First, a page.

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Friday, February 20, 2009

Carcassonne, by Rio Grande Games

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Note from Carrie: I think Fridays are going to be wild card days here from now on. At this point in the week I'm pretty much brain dead anyway. Today would appear to be "game day". Check out our earlier post today in which guest contributor, Sky, reviewed Number Hunt.) And then check out my note here at the end of Jonathan's review of the following game.
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Howdy folks! It's Carrie's better other half, blogging again. (Apparently you didn't "boo" loudly enough last time I posted... or she just hasn't gotten around to changing the password yet!)

Anyway, in a bit of a change of pace, I'm actually reviewing a board game this time rather than a book. (If you're only here for the book reviews, look at it this way: Here's a game that the rest of your family could spend hours on, giving you more time to read. Happy now?)

Growing up, I was the oldest of five kids, and we were all Totally Into Board Games. Particularly the serious, thinking kind. If a particular game involved any bit of luck, it was snubbed. (Yahtzee, for example. We would have rather been found dead in a ditch than been caught playing Yahtzee.) Anyway, when it came to board games, we invented them, played them, argued about them, and more. I'll never forget my eight-year-old sister coming home from a friend's house and mentioning that they had played a game which most of the other girls liked, but "the ruleset could have been improved."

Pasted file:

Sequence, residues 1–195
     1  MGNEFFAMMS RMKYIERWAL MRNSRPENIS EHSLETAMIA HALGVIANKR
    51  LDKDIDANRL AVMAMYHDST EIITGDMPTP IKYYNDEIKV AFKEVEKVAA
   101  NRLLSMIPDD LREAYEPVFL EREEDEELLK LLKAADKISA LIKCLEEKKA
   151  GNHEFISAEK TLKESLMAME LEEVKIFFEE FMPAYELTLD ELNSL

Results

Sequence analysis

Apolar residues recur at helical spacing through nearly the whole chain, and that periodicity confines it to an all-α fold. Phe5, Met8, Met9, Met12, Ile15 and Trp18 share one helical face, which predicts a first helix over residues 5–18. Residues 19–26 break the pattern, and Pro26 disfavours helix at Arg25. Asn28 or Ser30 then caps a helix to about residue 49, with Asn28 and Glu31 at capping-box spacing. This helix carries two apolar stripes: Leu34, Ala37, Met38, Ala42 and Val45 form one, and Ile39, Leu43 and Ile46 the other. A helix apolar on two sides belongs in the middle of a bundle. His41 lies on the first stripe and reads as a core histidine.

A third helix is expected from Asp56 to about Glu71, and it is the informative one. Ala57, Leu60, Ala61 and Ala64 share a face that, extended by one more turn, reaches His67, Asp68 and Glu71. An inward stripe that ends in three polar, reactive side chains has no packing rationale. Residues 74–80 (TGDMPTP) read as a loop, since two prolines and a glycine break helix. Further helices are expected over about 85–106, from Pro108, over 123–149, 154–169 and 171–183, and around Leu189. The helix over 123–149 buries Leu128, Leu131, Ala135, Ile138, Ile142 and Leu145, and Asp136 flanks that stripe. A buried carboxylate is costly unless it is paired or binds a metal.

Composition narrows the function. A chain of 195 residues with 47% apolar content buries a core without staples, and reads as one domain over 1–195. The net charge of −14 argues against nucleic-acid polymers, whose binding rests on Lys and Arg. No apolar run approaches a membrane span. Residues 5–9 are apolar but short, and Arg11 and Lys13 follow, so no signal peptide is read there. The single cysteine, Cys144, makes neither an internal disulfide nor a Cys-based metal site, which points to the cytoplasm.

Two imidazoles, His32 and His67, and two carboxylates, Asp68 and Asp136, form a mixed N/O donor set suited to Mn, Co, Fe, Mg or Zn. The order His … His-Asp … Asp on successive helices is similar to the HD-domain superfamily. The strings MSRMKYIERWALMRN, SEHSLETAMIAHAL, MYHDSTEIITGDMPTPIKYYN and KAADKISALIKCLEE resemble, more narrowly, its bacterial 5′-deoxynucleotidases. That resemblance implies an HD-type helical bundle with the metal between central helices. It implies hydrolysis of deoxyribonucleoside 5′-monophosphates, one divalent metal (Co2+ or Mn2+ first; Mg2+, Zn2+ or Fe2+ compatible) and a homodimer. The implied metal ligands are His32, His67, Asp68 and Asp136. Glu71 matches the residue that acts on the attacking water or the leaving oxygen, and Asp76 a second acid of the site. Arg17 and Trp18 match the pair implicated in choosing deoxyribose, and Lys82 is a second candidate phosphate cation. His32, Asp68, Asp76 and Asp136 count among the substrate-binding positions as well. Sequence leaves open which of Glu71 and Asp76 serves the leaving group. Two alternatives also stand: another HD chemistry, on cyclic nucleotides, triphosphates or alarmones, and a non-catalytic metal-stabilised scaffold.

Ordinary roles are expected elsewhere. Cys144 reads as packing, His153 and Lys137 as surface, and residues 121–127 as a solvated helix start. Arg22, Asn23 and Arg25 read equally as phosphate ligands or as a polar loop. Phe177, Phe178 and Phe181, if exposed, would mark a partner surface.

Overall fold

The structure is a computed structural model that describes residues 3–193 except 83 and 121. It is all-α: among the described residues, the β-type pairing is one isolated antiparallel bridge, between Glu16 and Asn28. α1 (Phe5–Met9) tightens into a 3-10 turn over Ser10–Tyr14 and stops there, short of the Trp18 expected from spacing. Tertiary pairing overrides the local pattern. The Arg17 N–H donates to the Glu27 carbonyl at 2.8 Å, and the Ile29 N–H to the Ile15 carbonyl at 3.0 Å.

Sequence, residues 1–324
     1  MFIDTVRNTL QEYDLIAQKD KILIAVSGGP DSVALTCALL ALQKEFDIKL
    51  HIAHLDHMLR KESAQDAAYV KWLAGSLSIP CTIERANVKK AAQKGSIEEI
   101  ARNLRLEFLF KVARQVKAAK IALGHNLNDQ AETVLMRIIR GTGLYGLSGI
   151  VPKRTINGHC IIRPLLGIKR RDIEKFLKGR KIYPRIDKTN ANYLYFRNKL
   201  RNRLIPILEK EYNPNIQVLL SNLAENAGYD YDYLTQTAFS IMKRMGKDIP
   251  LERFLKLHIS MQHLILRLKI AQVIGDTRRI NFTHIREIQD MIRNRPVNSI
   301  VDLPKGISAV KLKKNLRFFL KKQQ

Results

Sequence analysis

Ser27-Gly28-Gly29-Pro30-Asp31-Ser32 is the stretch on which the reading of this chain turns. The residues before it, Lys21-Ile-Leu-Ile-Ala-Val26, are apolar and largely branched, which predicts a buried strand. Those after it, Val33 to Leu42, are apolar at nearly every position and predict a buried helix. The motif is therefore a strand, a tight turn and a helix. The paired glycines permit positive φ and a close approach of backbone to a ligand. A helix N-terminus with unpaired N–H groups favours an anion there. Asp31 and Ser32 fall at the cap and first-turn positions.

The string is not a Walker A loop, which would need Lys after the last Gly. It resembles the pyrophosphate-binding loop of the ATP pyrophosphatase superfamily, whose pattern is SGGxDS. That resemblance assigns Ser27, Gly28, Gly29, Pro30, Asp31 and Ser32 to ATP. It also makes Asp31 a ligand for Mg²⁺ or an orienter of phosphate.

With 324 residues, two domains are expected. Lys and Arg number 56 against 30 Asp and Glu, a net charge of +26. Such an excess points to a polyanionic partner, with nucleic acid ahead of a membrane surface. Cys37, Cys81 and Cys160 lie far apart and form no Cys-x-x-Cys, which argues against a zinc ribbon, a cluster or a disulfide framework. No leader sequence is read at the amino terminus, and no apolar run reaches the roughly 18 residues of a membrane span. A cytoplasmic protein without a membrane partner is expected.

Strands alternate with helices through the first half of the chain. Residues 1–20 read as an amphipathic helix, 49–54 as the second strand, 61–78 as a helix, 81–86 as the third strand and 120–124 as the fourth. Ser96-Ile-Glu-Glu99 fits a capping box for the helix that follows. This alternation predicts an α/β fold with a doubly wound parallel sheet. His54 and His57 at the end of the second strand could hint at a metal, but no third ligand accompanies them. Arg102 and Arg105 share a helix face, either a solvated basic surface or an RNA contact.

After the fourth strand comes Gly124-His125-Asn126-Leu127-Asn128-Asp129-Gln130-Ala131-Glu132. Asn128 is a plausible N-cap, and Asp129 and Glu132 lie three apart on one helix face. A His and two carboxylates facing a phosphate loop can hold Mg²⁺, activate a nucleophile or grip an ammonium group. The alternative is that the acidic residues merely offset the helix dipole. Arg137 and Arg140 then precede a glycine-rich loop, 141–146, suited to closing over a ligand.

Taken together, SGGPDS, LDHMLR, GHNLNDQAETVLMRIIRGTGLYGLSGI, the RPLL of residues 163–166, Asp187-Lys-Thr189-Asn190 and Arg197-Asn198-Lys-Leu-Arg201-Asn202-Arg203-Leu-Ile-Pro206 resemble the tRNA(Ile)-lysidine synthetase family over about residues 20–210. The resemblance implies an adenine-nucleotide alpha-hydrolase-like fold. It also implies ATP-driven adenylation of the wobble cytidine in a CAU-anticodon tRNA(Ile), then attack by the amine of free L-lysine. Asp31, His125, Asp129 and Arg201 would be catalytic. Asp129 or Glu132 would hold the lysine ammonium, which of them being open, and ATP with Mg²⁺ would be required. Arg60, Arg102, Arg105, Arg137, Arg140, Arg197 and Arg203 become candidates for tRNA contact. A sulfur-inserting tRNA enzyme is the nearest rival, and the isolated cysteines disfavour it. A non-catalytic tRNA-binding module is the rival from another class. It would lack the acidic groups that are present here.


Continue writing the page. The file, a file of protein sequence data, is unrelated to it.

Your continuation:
Somehow, my younger siblings all became better than I was at games. I had serious morale issues as a teenager due to this. (Later on, two of my brothers went on to win national chess championships. I didn't feel so bad at that point.)

Fast-forward a dozen years, to the present. Carrie and I are not much the gaming types. (My acne is gone now, too.) But we ran across Carcassonne recently and gave it a try, to our very pleasant surprise.

Carcassonne (a French word, pronounced "Carcass-Zone") is unique in that it's a tile-laying game with extremely simple rules that don't require mind-bending strategy in order to get the hang of. At the same time, there's enough depth that you'll enjoy playing it over and over. (We have.)

It's also fun because you're creating a "landscape" of roads, cities and fields as you lay down the individual tiles, and the map is built from scratch differently with each game. By the time you're halfway through a game, you're thinking uniquely about the map that's being created, which is constantly changing and presenting new situations. This keeps the gameplay feeling very fresh and interesting, rather than becoming boring after a while.


The rules are easy enough to pick up quickly, and even most kids (8 years and up, I'd say) can participate in playing without much challenge. But there's enough depth in the strategy to be explored that it doesn't become tiresome, even to adults. The game can be played with 2 to 5 players (and there are expansion packs that support adding a 6th player.) Carcassonne can truly be enjoyed just as much by 2 players as 6 players; the gameplay scales perfectly without any difficulty.